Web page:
I said much the same in the second edition in 1997. However, by the time I wrote the third edition (2005) I’d stopped using a waist pack due to “ the lightening of my load, which made it easier to take the pack off, but, more importantly, …. hipbelts with pockets”. Mesh side pockets accessible while wearing the pack were also a factor. All the small items I might need during the day were now to hand without need of a waist pack.


Waist packs never went away of course. Runner still used them. But I hadn’t seen a backpacker with one for many years until this summer in the Colorado Rockies. Why they’ve come back I don’t know – I find it curious - but they have and many makers of ultralight gear now offer them. I have one, the Mountain Laurel Designs Burro, which I’ll be testing on my next trips. Maybe I’ll be reconverted.

Tuesday, 26 November 2019

Recent Online Reading No.12

Carn Ban Mor. November 18

Here's what I've enjoyed reading online in the last three weeks.

Walking for Mental Health: A Summit Camp on Sgur na Stri
A solo camp on Sgurr na Stri is redemptive for Sarah Jane Douglas.

Cairn Gorm: A Vision For The Future
I can see Cairn Gorm from my house so I have a personal concern for the future of this abused mountain. Here George Allan looks at the proposals from a group of five voluntary organisations (I'm a member of three of them) for its restoration.

Scottish Salmon's dark secret 
John D. Burns (author of Sky Dance, which I review here) looks at the environmental and animal welfare problems of fish farms.

Expert Tips for Walking Further and Faster
Dan Bailey asks three big route pros for advice.

Climate change - lessons from Australia?
On a visit to Australia Parkwatch Scotland's Nick Kempe writes about travel and climate change.

 'We want to keep our forest' - why Guyana's wilderness needs visitors
More on travel in the age of climate change. Kevin Rushby visits Guyana.

The Camera Needn't Lie
Interesting thoughts on realism in landscape photography.

The Landscapes Review - The Future of National Parks is in Our Hands
Paul Besley considers the Glover Review, the first official appraisal of England's National Parks and Areas of Outstanding Natural Beauty.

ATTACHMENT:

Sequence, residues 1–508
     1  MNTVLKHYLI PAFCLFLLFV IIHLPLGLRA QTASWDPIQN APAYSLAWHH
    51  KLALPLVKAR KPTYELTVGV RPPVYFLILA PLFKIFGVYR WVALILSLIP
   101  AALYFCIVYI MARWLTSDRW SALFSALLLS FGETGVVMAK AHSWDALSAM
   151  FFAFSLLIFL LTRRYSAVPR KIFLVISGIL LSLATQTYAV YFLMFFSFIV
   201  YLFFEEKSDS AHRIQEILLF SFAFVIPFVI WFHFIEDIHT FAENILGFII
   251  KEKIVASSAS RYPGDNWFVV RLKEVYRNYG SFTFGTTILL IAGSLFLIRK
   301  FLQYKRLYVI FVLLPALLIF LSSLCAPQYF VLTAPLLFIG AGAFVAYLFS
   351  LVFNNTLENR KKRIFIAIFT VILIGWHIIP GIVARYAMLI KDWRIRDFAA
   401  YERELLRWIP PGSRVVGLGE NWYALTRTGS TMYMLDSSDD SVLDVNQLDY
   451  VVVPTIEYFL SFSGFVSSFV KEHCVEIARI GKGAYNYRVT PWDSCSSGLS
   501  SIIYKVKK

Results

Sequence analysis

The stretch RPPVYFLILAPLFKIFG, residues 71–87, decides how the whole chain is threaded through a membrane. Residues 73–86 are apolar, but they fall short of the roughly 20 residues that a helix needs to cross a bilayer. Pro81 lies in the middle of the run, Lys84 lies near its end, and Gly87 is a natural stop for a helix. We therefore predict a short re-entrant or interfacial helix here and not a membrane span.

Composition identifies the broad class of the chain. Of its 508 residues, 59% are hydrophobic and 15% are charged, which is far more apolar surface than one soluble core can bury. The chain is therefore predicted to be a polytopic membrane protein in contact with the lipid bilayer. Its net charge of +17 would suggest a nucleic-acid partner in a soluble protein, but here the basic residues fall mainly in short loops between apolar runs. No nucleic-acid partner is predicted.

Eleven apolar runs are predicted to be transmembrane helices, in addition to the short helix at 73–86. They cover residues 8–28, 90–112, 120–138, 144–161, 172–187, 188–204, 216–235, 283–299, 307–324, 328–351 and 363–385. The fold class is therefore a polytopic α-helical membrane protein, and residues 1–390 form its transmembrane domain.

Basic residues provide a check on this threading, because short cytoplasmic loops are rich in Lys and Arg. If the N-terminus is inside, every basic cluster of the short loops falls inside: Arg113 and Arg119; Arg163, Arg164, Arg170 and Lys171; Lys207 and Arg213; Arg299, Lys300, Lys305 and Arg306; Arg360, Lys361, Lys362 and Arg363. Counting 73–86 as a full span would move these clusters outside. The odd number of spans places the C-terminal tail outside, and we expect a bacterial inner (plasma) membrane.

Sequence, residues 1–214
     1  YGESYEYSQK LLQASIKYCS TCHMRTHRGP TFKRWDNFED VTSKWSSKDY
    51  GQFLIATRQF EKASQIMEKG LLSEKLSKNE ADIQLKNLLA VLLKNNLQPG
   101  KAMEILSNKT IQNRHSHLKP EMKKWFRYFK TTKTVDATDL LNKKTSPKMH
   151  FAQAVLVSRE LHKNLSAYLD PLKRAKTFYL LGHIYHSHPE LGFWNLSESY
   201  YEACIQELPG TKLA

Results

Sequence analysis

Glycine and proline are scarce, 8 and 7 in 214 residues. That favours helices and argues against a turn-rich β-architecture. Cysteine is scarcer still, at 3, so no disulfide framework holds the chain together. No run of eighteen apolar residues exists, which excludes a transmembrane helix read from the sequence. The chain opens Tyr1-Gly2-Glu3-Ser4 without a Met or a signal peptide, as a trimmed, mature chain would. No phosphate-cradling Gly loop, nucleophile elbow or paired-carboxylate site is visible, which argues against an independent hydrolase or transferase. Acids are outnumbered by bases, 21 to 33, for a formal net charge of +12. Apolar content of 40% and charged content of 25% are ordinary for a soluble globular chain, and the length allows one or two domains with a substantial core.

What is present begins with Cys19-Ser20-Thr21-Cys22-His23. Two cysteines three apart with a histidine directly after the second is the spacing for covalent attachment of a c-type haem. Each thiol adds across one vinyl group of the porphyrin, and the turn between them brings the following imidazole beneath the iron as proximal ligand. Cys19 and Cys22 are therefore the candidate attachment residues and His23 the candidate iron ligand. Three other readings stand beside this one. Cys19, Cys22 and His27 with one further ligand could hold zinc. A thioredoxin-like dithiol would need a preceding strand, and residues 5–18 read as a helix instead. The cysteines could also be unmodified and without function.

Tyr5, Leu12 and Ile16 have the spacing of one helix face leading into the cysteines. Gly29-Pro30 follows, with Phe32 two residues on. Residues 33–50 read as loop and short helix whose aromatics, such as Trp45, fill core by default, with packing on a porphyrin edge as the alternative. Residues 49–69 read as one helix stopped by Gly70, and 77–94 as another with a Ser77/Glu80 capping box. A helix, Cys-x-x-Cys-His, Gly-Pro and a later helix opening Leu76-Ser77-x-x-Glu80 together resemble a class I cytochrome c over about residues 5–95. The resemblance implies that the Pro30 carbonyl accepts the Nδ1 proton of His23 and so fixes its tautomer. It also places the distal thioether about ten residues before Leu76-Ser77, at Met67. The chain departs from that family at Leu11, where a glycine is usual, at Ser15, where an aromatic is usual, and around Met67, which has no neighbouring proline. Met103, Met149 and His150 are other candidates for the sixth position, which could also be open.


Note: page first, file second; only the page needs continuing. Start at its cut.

The Earth Does Not Speak In Prose
Thought-provoking conversation between Charlotte Du Cann and Paul Kingsworth about writing in times of catastrophe.

Listening to Nature: The Emerging Field of Bioacoustics
Adam Welz looks at a fascinating new remote-sensing conservation tool.

Tending Soil 
Emma Marris explores our ancient kinship with soil.

Down the Rabbit Hole with James Roddie and Mike Webster
Alex Roddie writes about his brother James Roddie and his complicated relationship with mental health and the outdoors and the new film by Mike Webster about this.



Wednesday, 20 November 2019

A Glorious November Day on Sgor Gaoith

Lone walker crossing the Moine Mhor

November isn't noted for clear sunny days or for deep snow in the hills but both do occur and when they coincide a November day can be wonderful. Monday the 18th was one such day this year. The forecast looked good, the day was even better as it was less windy than predicted.

Sgor Gaoith 

I decided to head for Glen Feshie and climb high above the always inspiring regenerating forest to Carn Ban Mor and Sgor Gaoith. Strapping snowshoes to my pack I took the long track above the Allt Fheamagan to Carn Ban Mor. On reaching the snow I donned the snowshoes and followed the wide tracks of a snowcat and wondering what this vehicle was doing up here.

View across the Moine Mhor to Beinn a'Ghlo

Once I reached the vast expanse of the Moine Mhor the snowshoes were really useful as the snow was ankle to knee deep and soft under a thin crust. Two walkers on foot had left a line of deep holes as they headed for Sgor Gaoith. They passed me later, returning the same way. I only saw one other person, heading out across the Moine Mhor.

The views were extensive and astounding, distant hills crystal clear under a blue sky. The snow crunched  and crackled under my snowshoes. When I stopped the silence was profound. The air was chill but there was only a light breeze.

On Carn Ban Mor